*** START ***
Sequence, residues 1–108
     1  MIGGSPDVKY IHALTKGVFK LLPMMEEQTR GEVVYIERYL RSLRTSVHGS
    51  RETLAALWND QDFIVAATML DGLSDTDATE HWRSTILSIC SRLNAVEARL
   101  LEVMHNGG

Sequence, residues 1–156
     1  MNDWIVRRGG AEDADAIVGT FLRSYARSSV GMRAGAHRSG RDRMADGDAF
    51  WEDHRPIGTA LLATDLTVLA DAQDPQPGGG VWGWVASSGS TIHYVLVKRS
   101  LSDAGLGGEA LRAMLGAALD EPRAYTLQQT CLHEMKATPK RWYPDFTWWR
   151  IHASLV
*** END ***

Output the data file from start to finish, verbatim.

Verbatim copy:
Sequence, residues 1–108
     1  MIGGSPDVKY IHALTKGVFK LLPMMEEQTR GEVVYIERYL RSLRTSVHGS
    51  RETLAALWND QDFIVAATML DGLSDTDATE HWRSTILSIC SRLNAVEARL
   101  LEVMHNGG

Sequence, residues 1–156
     1  MNDWIVRRGG AEDADAIVGT FLRSYARSSV GMRAGAHRSG RDRMADGDAF
    51  WEDHRPIGTA LLATDLTVLA DAQDPQPGGG VWGWVASSGS TIHYVLVKRS
   101  LSDAGLGGEA LRAMLGAALD EPRAYTLQQT CLHEMKATPK RWYPDFTWWR
   151  IHASLV